Thaat and Raga Forest (TRF) Dataset

Citation Author(s):
Heritage Institute of Technology, Kolkata, India
Heritage Institute of Technology, Kolkata, India
Submitted by:
Surya Majumder
Last updated:
Thu, 03/21/2024 - 16:20
Data Format:
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The "Thaat and Raga Forest (TRF) Dataset" represents a significant advancement in computational musicology, focusing specifically on Indian Classical Music (ICM). While Western music has seen substantial attention in this field, ICM remains relatively underexplored. This manuscript presents the utilization of Deep Learning models to analyze ICM, with a primary focus on identifying Thaats and Ragas within musical compositions. Thaats and Ragas identification holds pivotal importance for various applications, including sentiment-based recommendation systems and music categorization.

The dataset comprises recordings from renowned musicians encompassing diverse musical forms such as solos, performances, choruses, instrumentals, and movie songs, available in both mp3 and wav formats. Organized meticulously, the dataset is categorized into ten primary Thaats, each containing a diverse array of Ragas. This comprehensive collection offers a valuable resource for researchers and practitioners alike, facilitating in-depth exploration and analysis of Indian Classical Music through computational means.


Instructions for Utilizing the "Thaat and Raga Forest (TRF) Dataset":

  1. Dataset Access and Preparation:

    • Obtain access to the TRF Dataset, ensuring compliance with any licensing or usage terms associated with the dataset.
    • Download the dataset files provided in mp3 and wav formats, ensuring they are stored in a structured directory hierarchy for easy access and organization.
  2. Data Exploration:

    • Familiarize yourself with the dataset structure, including the directory organization and file naming conventions.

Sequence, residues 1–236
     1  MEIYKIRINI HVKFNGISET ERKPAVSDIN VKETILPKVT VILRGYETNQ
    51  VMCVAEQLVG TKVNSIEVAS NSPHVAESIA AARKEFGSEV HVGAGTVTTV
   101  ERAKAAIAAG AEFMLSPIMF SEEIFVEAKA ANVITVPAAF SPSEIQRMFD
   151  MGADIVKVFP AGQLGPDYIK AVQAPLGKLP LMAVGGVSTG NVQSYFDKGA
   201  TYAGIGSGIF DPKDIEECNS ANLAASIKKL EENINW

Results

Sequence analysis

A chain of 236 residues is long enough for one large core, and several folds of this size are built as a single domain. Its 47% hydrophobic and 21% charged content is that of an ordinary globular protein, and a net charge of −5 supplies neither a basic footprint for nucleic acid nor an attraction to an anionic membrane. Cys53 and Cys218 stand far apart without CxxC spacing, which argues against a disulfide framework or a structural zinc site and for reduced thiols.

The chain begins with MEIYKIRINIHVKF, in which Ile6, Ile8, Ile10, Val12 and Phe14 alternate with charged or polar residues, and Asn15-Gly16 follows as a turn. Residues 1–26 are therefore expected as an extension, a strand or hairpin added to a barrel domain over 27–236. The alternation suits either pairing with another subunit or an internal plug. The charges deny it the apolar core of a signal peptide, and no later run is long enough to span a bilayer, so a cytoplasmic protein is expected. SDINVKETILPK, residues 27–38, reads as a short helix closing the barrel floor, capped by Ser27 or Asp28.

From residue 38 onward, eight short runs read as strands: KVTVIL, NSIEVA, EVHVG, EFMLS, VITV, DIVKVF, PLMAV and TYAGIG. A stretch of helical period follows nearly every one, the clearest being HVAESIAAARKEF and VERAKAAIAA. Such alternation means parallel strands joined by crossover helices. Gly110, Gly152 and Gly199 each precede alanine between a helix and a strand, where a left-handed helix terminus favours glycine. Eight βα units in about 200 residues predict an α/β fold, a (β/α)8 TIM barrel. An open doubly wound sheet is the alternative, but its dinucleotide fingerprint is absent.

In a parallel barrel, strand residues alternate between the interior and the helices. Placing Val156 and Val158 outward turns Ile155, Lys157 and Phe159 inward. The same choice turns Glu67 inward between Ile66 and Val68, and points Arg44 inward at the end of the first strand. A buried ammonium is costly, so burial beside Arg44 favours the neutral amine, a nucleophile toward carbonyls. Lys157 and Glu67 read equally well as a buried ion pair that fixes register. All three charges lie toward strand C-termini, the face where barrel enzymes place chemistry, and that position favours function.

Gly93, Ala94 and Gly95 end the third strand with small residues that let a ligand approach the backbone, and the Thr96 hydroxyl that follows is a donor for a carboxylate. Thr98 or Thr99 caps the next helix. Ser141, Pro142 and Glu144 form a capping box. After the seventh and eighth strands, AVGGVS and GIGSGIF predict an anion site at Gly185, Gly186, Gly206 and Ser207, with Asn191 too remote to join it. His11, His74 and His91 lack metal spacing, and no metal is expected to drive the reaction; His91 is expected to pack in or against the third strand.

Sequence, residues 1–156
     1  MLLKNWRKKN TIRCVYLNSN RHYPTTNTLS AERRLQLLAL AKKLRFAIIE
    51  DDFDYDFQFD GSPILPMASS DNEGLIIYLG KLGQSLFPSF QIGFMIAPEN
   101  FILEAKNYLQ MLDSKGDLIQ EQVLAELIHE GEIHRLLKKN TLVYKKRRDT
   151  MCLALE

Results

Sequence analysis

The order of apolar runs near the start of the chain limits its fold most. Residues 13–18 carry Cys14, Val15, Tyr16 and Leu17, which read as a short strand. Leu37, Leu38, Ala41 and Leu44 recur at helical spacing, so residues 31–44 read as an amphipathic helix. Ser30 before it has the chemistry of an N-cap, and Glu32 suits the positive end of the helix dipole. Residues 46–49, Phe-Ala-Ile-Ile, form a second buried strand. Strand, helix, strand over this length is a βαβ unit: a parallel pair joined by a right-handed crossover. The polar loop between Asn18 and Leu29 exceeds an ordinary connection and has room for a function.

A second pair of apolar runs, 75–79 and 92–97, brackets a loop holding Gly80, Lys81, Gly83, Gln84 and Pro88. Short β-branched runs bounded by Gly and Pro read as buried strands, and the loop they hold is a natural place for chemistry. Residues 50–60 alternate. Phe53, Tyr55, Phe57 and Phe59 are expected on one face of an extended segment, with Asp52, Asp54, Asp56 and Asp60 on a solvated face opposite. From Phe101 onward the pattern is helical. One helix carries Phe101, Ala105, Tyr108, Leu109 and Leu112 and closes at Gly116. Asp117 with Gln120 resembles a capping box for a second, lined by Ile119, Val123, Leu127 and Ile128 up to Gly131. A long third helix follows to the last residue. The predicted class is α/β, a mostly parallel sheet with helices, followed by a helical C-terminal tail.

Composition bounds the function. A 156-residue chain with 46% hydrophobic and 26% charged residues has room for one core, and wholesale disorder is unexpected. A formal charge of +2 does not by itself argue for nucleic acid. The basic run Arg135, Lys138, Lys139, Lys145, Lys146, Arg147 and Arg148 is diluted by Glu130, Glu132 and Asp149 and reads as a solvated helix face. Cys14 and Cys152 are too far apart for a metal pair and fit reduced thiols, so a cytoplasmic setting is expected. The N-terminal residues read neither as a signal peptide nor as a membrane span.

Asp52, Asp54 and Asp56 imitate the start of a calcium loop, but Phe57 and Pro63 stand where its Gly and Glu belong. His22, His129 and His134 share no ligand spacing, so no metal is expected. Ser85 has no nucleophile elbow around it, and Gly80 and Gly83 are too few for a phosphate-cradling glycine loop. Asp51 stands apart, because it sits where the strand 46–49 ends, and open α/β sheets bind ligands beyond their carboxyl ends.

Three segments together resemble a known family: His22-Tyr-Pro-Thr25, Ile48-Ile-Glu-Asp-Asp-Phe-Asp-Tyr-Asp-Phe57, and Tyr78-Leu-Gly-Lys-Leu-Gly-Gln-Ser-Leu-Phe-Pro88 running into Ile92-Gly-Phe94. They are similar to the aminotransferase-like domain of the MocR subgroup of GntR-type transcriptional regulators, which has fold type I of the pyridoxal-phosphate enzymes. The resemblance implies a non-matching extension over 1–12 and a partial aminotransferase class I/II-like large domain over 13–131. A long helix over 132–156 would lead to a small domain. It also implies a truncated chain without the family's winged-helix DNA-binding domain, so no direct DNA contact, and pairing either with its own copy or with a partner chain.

• Explore the dataset metadata, if available, to understand the attributes and annotations associated with each recording, such as Thaat, Raga, artist information, and genre tags.
  3. Data Preprocessing:

    • Preprocess the audio data as needed for your specific analysis tasks, which may include:
      • Converting audio files to a consistent format (e.g., wav) for compatibility.
      • Resampling audio files to a consistent sample rate if necessary.
      • Segmenting audio recordings into smaller chunks or frames for model input.
      • Extracting relevant features from audio signals, such as spectrograms, Mel-frequency cepstral coefficients (MFCCs), or other time-frequency representations.
      • Normalizing audio amplitude levels to ensure consistency across recordings.
  4. Model Development:

    • Design and implement Deep Learning models tailored to your research objectives, such as Thaat and Raga classification, sentiment analysis, or recommendation systems.
    • Experiment with various neural network architectures, including Convolutional Neural Networks (CNNs), Recurrent Neural Networks (RNNs), or Transformer models, depending on the nature of the audio analysis task.
    • Incorporate appropriate loss functions and evaluation metrics for assessing model performance, considering factors such as accuracy, precision, recall, and F1-score.
  5. Training and Evaluation:

    • Split the dataset into training, validation, and test sets to train and evaluate your models effectively.
    • Train the Deep Learning models using the training data while monitoring performance on the validation set to prevent overfitting.
    • Fine-tune model hyperparameters and architecture based on validation performance, employing techniques like cross-validation if applicable.
    • Evaluate the trained models on the test set to assess their generalization performance and robustness.
  6. Analysis and Interpretation:

    • Analyze the model predictions on the test set to gain insights into the effectiveness of the Deep Learning approach for Thaat and Raga identification.
    • Interpret model outputs and errors to understand the challenges and limitations of computational music analysis in the context of Indian Classical Music.
    • Explore potential applications of the trained models, such as sentiment-based music recommendation, automated playlist generation, or music similarity detection.
  7. Documentation and Reporting:

    • Document the experimental setup, including dataset preprocessing steps, model architectures, training configurations, and evaluation results.
    • Report key findings, including model performance metrics, insights gained from the analysis, and potential areas for future research.
    • Share the findings and codebase with the research community through publications, presentations, or open-source repositories to foster collaboration and knowledge dissemination.
Data Descriptor Article DOI: